‘The Way To Eden’ has been an enjoyable excursion for ‘Star Trek’ into the hippie culture of the 1960s. I wouldn’t say it’s a favourite, but I enjoyed Chekov’s romantic journey during this TV episode.

The DVD special features for this episode are as follows. On Disc 5 of both the original and re-mastered DVDs of ‘Star Trek: The Original Series – Season 3’, there is a preview trailer for this episode.

*Thanks to Ken Masterson

‘The Way To Eden’ (TOS) rating – 7/10

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4 thoughts on “‘The Way To Eden’ (TOS) (TV)

  1. Timelord 007

    Charles Napier did the roaring sound effects vocals of the Hulk for the Incredible Hulk tv series as well as starring in a episode, & was in Rambo 2 as Marshall Murdock, he’s been in Silence Of The Lambs & was in the Knight Rider pilot episode.

    Although when he starts singing in this i wanted to shove that guitar were the sun don’t shine lol, as you can tell I’m not overly fond of this episode & the hippie speak lol.

    Liked by 1 person

  2. Tim Bradley Post author

    I did not know about Charles Napier being in ‘The Incredible Hulk’ TV series. I’ve yet to check that series out. I would like to see ‘The Incredible Hulk’ and the 1960s ‘Batman’ TV series someday! 😀

    I can tell that you’re not fond on this episode. It’s not a favourite of mine either, but I enjoyed Chekov’s character development in this episode especially with Irina.

    Thanks Simon.

    Tim. 🙂


  3. Ken Masterson

    I loved the episode for a lot of reasons, and just enjoy it as is. Besides, when McCoy scans the deadly pear that killed Adam, there is irrefutable proof that his ‘saltshaker’ medscanner (A misnomer, it was scratch-built, but the nickname remains. The salt shakers were used as laser scalpels) does not have a display on the back, as was seen in some old FASA Trek manuals.

    Reasons I love it:
    1: When I bought it at a Flea Market in San Jose for $2, it was one of my very few Star Trek tapes, so I watched it constantly.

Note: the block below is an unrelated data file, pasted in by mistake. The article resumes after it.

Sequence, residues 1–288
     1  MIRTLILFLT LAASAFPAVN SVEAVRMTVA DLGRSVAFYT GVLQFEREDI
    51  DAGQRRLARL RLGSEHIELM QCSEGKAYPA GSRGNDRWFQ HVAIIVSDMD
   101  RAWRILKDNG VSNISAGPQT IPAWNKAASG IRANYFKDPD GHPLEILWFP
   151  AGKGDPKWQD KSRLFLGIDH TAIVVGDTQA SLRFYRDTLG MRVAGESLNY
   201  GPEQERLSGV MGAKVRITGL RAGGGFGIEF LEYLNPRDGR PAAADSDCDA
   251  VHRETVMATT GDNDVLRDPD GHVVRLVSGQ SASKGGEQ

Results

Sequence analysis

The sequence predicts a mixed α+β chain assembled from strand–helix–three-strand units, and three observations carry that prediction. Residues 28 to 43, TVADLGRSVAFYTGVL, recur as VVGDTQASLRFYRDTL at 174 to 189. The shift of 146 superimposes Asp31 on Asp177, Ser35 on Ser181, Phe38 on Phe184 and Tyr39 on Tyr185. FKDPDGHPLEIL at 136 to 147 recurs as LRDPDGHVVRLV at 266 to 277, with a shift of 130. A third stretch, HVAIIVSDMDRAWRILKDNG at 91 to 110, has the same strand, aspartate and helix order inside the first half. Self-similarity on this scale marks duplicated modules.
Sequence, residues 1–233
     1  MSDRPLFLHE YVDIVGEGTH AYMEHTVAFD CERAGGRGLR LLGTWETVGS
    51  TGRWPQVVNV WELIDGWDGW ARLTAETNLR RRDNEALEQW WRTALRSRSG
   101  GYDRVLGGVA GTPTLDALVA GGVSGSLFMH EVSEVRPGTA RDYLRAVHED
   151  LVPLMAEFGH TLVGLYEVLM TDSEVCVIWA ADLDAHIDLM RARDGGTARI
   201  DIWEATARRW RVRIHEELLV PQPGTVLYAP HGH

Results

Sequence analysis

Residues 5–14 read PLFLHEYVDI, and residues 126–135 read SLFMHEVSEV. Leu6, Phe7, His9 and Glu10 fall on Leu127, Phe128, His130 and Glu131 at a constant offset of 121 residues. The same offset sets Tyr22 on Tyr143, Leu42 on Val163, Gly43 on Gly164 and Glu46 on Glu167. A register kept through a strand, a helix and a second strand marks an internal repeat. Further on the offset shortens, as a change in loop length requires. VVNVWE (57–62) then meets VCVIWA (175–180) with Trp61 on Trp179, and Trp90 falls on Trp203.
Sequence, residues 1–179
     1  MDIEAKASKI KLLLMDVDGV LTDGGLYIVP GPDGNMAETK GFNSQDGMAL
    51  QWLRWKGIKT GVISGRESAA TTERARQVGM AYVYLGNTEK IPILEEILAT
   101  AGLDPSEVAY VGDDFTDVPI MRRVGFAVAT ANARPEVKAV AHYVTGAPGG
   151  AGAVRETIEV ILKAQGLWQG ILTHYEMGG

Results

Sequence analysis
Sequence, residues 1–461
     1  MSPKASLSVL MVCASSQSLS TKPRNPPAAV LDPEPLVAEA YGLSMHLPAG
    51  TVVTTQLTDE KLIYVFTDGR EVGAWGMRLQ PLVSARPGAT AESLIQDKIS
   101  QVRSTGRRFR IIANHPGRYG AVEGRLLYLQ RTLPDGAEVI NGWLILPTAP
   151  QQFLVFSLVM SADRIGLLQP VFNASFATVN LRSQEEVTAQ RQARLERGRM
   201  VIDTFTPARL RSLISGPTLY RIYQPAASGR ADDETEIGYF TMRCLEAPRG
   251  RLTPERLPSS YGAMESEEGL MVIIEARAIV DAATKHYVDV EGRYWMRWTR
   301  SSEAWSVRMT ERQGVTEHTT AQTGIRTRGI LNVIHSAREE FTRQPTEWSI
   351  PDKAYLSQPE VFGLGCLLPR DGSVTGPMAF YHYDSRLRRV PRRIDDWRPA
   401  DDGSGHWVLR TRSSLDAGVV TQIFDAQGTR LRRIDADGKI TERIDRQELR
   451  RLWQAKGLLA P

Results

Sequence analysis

2: Chekov does come off as more responsible and a bit stiff, but I chalked that up to his unresolved feelings for Irina, as she was wild and free (and possibly promiscuous, but no proof of that) and he was in Starfleet. Besides, he finally gets some romance, though he did get a bit in “The Apple”.

    3: I had a roommate I disliked who hated the episode. (Chief Wiggum-like voice) “Nyarrr, it was a sign of the times!” So I watched it anyways on my TV day (he owned the VCR, I owned the TV).

    Besides, Charles Napier went from space hippie to military badass.

    Oh, by the way, Deborah Downey wasn’t named, she was Girl #1, but Phyllis Douglas (Yeoman Mears in The Galileo 7) was actually Mavig. Close though.

    Liked by 1 person

    1. Tim Bradley Post author

      Hi Ken.

      Thanks for sharing your positive insight into this ‘Star Trek’ episode. I know I said it’s not a favourite of mine, but I did enjoy it and I’m glad you had happy memories watching it when you first saw it.

      Thanks for letting me know about the Deborah Downey/Phyllis Douglas mix-up. I don’t know how I could have got that so wrong. I’ve switched the character names around for the two women and have added you a credit to it. I didn’t know Phyllis Douglas was Yeoman Mears in ‘The Galileo Seven’. That’s interesting.

      Many thanks, Ken.

      Tim. 🙂